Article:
05 Apr 2011

His Life For Us

Blog, By Scripture, Chapter 5, Resources, Romans 2 Comments

Romans 5:18-21 | Josh Feil

This an exegetical sermon of Romans 5:18-21 looking at our experience of Adam’s sin, the role of God’s law, and Jesus obedience for us given by God’s grace. This sermon was originally preached on April 3rd, 2011 at The Resolved Church in San Diego, CA.

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I. Prologue: Adam’s Sin, My Reality
II. The Law of God, My Death Sentence
III. Jesus’ Obedience, My Possession
IV. The Reign of Grace, the Kingdom of the Son

I. Prologue: Adam’s Sin, My Reality

Open to Romans 5:18-21.

If you drive up the freeway about 6-7 hours you get to the Sierra Nevada mountains and Sequoia National Park. And there is a part of the national park where there are these enormous trees. Giant redwoods. The oldest and largest tree on the earth, General Sherman, is found there. Around 2500 years old. 36ft wide, 275 ft tall. That’s basically a football field in height. Some of the trees can be driven through, driven under, etc. They are big. But they are part of a bigger forest.

Here in Romans 5 we are surrounded by the great redwoods of theology. Giant, heavy, thick, dense OLD trees. Why do I bring this up? Well, if you’ve ever been hiking in the forest, you know how hard it is to see very far in any direction. We face a similar problem standing here in Romans 5: Paul, the author, has said a lot leading up and will say a lot after these verses. That’s important to realize. In light of that I have two goals: I want to DIG into this text, and I want you to see that these 4 verses don’t stand alone. I want to show you the tree, show you the detail of the bark, the dark rich color of the wood, the smell of the leaves, the height of the tree, the depth of the roots, and then I want to show you the grandeur of the forest.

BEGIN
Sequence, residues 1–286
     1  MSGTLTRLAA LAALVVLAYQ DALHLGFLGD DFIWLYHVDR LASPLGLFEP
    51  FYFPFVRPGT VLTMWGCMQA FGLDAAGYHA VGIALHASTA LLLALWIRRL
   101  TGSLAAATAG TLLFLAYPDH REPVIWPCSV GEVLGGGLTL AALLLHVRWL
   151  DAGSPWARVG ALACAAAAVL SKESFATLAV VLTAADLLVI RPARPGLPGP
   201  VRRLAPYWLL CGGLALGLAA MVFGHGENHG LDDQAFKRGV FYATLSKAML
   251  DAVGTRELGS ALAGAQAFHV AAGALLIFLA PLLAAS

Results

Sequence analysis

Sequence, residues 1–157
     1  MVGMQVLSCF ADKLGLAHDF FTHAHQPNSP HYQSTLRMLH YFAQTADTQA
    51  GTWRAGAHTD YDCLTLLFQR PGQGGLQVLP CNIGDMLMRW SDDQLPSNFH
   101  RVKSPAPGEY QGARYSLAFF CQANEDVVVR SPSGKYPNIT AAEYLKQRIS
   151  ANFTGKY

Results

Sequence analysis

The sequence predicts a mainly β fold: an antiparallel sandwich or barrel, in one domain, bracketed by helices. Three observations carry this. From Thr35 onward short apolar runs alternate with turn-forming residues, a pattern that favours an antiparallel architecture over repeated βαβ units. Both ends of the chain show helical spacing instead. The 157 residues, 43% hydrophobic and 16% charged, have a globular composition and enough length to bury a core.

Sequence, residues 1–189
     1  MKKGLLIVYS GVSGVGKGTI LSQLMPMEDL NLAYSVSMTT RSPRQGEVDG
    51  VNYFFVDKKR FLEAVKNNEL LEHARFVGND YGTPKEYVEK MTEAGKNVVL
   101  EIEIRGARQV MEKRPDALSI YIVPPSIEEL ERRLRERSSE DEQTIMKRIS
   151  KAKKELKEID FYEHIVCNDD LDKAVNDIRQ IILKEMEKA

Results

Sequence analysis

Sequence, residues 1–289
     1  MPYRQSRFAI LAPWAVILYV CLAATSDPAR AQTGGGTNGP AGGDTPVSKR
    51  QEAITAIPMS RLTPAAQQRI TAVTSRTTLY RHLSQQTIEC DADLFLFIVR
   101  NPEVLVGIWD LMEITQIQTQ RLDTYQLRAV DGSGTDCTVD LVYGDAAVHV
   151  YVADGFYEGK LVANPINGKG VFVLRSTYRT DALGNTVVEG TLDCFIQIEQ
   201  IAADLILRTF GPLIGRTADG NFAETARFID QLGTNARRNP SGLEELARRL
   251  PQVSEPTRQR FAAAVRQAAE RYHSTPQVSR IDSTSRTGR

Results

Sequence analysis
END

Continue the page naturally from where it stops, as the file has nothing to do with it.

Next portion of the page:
Let’s read our text, Romans 5:18-21. Therefore, as one trespass[a] led to condemnation for all men, so one act of righteousness[b] leads to justification and life for(A) all men. 19For as by the one man’s(B) disobedience the many were made sinners, so by the one man’s(C) obedience the many will be made righteous. 20Now(D) the law came in to increase the trespass, but where sin increased,(E) grace abounded all the more, 21so that,(F) as sin reigned in death,(G) grace also might reign through righteousness leading to eternal life through Jesus Christ our Lord.

Let’s get into the story. Paul is a Jew, writing to a mostly non-Jewish church. He used to kill Christians until God saved him and sent him to preach the gospel.

Here’s the quick summary of Romans chapters 1-4. Humans are in darkness because of sin, we are condemned to death because we violate God’s law, Jesus came to live and die in our place, and now it’s possible to have peace with God because of what Jesus has done. That’s the supersonic spy jet 80,000 feet version.

That brings us to our text for this morning. Here’s the prologue to the main part of the sermon. Adam, our first parent, sinned. Because of his sin, the whole Human race was plunged into darkness, and now we are born sinful, heading for death. This isn’t hard to prove, just watch any kids who are told to share and you can see this play out. They always share any toy that anyone else wants to play with right? No! Of course not, they’re little sinners! Or for that matter watch any adults who are told to share and you’ll see that we haven’t made a lot of progress.

STORY: My wife and I will be watching TV and she’ll say “Josh can you share some of your blanket with me?” At this point I have two options before me: 1) stay under this blanket by myself OR 2) share the blanket, thereby getting blanket and woman at the same time … Even in this situation my sinful heart is saying, “but then you have to share.” Idiot! I could get two of the best things in life: warmth and woman. I’m really dumb. PAUSE. And really sinful.